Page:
The Vatican has responded to the recent uproar over Pope Francis’ comments about “Mother Russia.”
In a speech aimed at Russian youth, the Pope urged them to promote peace and understanding. However, his mention of historical figures tied to Russia’s past has caused controversy, especially in Ukraine.
The comments, made during a video address to Russian youths, sparked a wave of reactions both within Russia and abroad.
In a carefully prepared speech, Pope Francis urged the young people of Russia to become “artisans of peace” and to foster reconciliation even in the midst of ongoing conflicts. However, during an unscripted portion of his address, the Pope made an offhand comment that Catholic youths were the “heirs of the great Mother Russia.”
He went on to elaborate, referencing historical figures like Peter the Great and Catherine II, who were associated with imperial Russia. He described their era as one of cultural richness and humanity. The video of the Pope’s remarks was published on the website of the Church of the Mother of God in Moscow.
These remarks were met with criticism and protests, particularly from Ukraine. The timing of the Pope’s comments coincided with President Vladimir Putin’s controversial use of historical figures like Peter the Great to justify Russia’s actions, including the invasion of Ukraine. Ukrainian Greek Catholic Church’s head, Archbishop Sviatoslav Shevchuk, expressed deep concern and pain over the Pope’s comments, considering them as a glorification of Russian imperialism.
In response to the mounting backlash, the Vatican has moved to clarify the Pope’s intentions. Vatican spokesman Matteo Bruni stated that Pope Francis never meant to endorse or celebrate imperialist ideologies. Rather, the Pope sought to highlight the positive aspects of Russia’s cultural and spiritual heritage. The aim was to encourage the upcoming generation to uphold and advance these positive elements.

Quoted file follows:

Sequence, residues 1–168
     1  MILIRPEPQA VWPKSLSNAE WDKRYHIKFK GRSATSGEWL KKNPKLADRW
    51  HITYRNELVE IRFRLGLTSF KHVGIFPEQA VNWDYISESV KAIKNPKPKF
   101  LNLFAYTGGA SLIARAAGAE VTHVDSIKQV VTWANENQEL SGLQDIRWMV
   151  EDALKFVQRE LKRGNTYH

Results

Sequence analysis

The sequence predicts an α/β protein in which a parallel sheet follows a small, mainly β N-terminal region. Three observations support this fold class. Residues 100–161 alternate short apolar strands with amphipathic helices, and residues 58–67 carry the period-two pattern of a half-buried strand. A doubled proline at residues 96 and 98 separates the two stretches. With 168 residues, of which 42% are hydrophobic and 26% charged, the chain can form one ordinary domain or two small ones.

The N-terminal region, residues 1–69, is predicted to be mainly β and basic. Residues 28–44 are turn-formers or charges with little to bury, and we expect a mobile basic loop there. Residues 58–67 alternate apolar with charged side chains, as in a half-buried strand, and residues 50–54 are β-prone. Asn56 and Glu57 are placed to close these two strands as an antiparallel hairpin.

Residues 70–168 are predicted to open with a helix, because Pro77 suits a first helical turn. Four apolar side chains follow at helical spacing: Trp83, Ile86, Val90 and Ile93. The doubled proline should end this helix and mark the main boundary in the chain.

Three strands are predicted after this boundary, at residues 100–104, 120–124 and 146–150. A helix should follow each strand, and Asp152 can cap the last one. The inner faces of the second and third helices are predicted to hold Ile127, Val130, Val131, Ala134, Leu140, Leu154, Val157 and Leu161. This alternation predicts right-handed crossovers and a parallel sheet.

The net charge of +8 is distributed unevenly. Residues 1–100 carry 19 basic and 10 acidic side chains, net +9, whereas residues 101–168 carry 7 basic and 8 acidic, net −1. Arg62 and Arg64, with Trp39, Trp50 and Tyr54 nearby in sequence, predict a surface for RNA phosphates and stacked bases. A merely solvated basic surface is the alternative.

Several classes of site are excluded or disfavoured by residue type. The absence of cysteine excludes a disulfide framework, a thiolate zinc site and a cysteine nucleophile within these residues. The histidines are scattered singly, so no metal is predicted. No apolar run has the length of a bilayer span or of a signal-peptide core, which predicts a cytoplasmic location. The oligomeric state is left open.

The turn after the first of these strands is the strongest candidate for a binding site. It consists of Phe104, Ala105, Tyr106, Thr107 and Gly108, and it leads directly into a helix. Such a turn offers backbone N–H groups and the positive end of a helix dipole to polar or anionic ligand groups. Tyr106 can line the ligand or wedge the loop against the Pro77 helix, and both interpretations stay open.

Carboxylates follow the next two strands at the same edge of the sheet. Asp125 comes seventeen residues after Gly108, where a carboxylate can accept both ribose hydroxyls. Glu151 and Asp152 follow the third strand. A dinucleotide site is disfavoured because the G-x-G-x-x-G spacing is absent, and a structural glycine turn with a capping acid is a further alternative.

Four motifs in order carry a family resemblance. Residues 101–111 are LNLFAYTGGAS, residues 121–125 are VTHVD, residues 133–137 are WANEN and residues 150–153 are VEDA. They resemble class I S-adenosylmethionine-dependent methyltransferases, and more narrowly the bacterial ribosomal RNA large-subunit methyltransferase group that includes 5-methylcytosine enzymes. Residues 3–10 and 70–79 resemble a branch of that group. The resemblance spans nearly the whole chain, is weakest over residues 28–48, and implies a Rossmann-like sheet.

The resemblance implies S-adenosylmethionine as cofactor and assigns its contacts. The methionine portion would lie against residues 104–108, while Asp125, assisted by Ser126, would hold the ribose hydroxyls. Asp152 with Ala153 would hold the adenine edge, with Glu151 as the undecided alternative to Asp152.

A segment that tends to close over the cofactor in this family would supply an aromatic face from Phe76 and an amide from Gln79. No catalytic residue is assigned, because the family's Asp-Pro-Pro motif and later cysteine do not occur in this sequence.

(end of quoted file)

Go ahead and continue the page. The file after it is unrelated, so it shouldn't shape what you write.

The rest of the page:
Bruni emphasized that the Pope’s intention was not to elevate imperialist ideologies or historical figures as models for governance. Instead, he wanted to underline certain periods of Russia’s history for reference, without necessarily promoting those specific ideologies.
According to Joe Ronan of Catholic Voices, the Pope’s remarks were aimed at building a connection with his Russian audience, particularly the youth. Ronan pointed out that one of the Pope’s titles is “pontiff,” which translates to “bridge builder.” He explained that building bridges requires understanding both sides, and the Pope’s comments aimed at fostering dialogue and understanding.
Ronan cautioned against taking the Pope’s words out of context. He argued that focusing solely on the references to Russian history might lead to a skewed interpretation. He stressed that a significant part of the Pope’s message was directed towards urging young people to adopt a different perspective, one of bridge-building and peace preservation.
The Vatican’s response shows the delicate balance between acknowledging a nation’s historical and cultural heritage while avoiding the endorsement of controversial ideologies. Pope Francis’ remarks, though interpreted differently by various parties, seem to align with his broader message of peace and understanding among nations and generations.